508 verification: website content must be accessible to the handicapped
Some federal agencies have their own agency-specific standards (see Standards and Requirements in “What We Do”). Additionally, there is the variable of 508 verification. If 508 is in your SOW, the files will be checked for conformance but the testing criteria varies. And the expertise of the testers varies – significantly.
Distinction between 508 certification and 508 verification: Certification is a declaration by the remediator who is making the document/website compliant. Per GSA, Section 508 certification doesn’t exist, so this declaration amounts to an assertion of whoever is issuing it. Verification is the process of testing for conformance by someone other than the remediator.
Testing is erratic, at best
Officially, accessibility is a national priority in both the public and private sector. In reality, website owners are motivated by; altruism, economics, or mandates. For those motivated by mandate, the question becomes, who’s checking and what criteria are they using?
The short answer is, accessibility law and standards are fairly well defined. However, knowledge of the law and standards takes both time and effort, neither of which are in unlimited supply.
- Shear volume makes it impossible to check the majority of files. Millions of PDFs reside on federal agency and private industry sites (ADA has defined private industry as “places of public accommodations” and must adhere to accessibility laws).
- About 2/3 of accessibility requirements can be checked by software. But what software is used? It depends on the importance website owners place on it. Most checkers know Acrobat’s Accessibility Checker is just the starting point. Despite its inadequacies, Accessibility Checker remains the only testing software some checkers use. For a more legitimate test that includes agency-specific standards, PAC 2 is used. [PAC 2 takes time to learn because it can/does yield misleading results.]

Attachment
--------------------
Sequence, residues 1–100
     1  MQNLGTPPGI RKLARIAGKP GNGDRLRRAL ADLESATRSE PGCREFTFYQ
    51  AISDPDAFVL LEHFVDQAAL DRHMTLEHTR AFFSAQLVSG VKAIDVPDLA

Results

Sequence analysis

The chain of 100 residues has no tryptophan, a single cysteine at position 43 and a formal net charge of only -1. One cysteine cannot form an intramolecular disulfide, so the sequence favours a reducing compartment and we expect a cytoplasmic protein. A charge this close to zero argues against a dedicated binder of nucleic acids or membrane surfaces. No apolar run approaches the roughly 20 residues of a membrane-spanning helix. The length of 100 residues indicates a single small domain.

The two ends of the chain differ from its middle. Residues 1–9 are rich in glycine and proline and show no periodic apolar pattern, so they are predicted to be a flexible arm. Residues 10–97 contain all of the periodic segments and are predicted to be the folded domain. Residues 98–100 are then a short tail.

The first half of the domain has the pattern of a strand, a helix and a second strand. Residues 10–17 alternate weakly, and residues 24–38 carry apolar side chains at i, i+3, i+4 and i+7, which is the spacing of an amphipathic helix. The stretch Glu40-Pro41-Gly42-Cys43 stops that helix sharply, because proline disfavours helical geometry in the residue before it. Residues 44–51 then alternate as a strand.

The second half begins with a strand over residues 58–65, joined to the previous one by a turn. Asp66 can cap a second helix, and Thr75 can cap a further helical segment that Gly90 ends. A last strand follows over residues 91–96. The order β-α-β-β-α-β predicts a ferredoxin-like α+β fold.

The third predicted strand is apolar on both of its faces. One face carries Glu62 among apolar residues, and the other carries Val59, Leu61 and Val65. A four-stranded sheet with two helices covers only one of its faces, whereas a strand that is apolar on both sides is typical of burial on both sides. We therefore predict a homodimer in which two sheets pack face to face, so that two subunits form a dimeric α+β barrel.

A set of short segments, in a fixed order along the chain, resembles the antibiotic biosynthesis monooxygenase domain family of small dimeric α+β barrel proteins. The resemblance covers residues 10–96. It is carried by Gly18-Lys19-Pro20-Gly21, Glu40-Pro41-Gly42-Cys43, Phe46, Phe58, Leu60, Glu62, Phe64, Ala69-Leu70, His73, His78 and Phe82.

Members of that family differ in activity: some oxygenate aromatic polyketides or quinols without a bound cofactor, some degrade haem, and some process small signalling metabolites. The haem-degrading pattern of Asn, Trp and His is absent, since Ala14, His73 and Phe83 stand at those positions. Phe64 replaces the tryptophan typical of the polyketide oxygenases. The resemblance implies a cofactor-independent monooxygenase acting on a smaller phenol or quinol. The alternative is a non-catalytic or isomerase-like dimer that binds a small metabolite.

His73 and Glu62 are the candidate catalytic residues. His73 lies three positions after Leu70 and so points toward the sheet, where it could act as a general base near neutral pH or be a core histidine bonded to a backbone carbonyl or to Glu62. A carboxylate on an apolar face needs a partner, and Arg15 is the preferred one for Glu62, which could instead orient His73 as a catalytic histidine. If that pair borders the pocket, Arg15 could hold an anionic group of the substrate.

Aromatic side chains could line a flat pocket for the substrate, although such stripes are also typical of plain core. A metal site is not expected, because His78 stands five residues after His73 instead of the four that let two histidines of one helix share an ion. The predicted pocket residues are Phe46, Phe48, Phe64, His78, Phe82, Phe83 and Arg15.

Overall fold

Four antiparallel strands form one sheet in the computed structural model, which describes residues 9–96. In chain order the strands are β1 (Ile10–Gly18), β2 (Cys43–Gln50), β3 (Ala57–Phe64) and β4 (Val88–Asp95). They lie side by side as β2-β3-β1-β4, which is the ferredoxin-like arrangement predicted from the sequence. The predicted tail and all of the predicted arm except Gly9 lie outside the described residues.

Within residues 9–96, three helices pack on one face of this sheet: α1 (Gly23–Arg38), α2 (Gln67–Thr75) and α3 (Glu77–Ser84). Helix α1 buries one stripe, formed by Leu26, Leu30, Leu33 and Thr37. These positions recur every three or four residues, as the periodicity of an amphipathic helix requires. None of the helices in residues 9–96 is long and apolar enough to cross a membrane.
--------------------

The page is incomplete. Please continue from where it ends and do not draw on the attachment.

- About 1/3 of accessibility requirements must be checked manually. Additionally, part of accessibility is subjective so there is a need for judgment. Note: Assistive Technologies (like JAWS) are used by the blind to “hear and navigate” the contents of a file. An experienced AT user adds practicality to the testing process and is often included in the checking process.
The consequence of erratic testing is predictable. Most PDFs posted on public sites are not 508 compliant.
It takes effort to make your PDF 508 compliant, so why bother?
Regardless of how well the source files were created, the resulting PDF will need “work” to make it compliant. This is the last task before posting the final file. There are few documents that aren’t thoroughly vetted, and that process usually ends in a time crunch. So if the file may never be properly tested, why bother?
Non-compliance carries risk.
- If the file is failed at the checking stage, unplanned time/cost must be used to fix it.
- If a file is not properly checked and later found non-compliant by a user, the potential for really bad things exists. Suffice it to say, the risk is big.
- Professionals know the law, and how to make your PDFs conform to it.
- Experts do the job correctly for less time/cost than non-experts.
Bottom line: Improved technologies, increased awareness & enforcement, and acceptance of uniform criteria will inevitably push accessibility to a higher level of importance for all site owners.